There’s been a lot of confusion over what constitutes “accountability” in education lately. In response, representatives of the Cato Institute, Heritage Foundation, Friedman Foundation, Heartland Institute, and the Center for Education Reform have issued a joint open letter explaining why the best form of accountability is directly to parents.
To some, accountability means government‐imposed standards and testing, like the Common Core State Standards, which advocates believe will ensure that every child receives at least a minimally acceptable education. Although well‐intentioned, their faith is misplaced and their prescription is inimical to the most promising development in American education: parental choice.
True accountability comes not from top‐down regulations but from parents financially empowered to exit schools that fail to meet their child’s needs. Parental choice, coupled with freedom for educators, creates the incentives and opportunities that spur quality. The compelled conformity fostered by centralized standards and tests stifles the very diversity that gives consumer choice its value.
This confusion about accountability is not limited just to tests. It even extends to personnel management. An example of this confusion comes to us today from a Republican legislator in Tennesee:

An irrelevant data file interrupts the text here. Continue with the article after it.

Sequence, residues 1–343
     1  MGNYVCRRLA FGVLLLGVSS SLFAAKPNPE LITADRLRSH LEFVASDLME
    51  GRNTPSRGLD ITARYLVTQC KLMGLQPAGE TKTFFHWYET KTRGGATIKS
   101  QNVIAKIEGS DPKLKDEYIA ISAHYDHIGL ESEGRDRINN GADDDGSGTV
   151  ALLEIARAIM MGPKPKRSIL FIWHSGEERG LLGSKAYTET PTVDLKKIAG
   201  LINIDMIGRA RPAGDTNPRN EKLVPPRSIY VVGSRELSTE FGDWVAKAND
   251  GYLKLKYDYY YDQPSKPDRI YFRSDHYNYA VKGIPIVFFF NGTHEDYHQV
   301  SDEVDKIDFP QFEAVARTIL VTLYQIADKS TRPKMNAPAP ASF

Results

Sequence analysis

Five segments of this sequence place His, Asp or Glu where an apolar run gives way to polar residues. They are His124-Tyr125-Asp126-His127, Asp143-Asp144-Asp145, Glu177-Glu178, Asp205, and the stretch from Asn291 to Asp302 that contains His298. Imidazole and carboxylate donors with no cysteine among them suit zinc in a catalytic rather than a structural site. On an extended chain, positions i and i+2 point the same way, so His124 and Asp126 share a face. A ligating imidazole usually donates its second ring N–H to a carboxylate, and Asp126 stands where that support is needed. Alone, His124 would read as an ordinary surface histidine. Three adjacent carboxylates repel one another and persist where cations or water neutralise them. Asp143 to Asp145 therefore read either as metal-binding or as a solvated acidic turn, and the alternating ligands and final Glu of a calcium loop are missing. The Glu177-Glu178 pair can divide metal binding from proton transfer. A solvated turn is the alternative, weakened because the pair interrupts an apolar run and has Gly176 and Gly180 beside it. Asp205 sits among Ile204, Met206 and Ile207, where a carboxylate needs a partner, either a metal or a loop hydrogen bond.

Rep. David Alexander, R‑Winchester, a voucher critic, has filed an amendment that would tweak Gov. Bill Haslam’s voucher bill by requiring private schools that take public scholarship dollars to use the controversial Tennessee Evaluator Acceleration Model [TEAM] to grade its teachers.
The reason government schools need such heavy‐handed evaluation systems is because tenure and union contracts make it nearly impossible to fire a teacher. According to the National Center for Education Statistics’ “School and Staffing Survey,” during the 2010-11 school year, only 1.9 percent of Tennessee teachers were dismissed or did not have their contracts renewed due to poor performance, up from 1.1 percent in 2007-08.
By contrast, private schools have greater flexibility than government schools over hiring, firing, and evaluating teachers. They’re also held directly accountable to parents, so there is market pressure not to retain teachers who perform poorly.
Moreover, the legislator’s argument that the government should force its evaluation system on private entities because they are accepting students who are publicly subsidized is patently absurd. It’s like arguing that all employees at grocery stores that accept food stamps or hospitals that accept Medicaid must be evaluated according to the same metrics as DMV employees.
State and local governments have the prerogative to devise whatever accountability measures they deem necessary to operate their schools and manage their employees. Private schools should continue to enjoy the freedom to set their own goals and to determine how best to measure their own performance and we should empower parents to choose the school that best meets their children’s needs.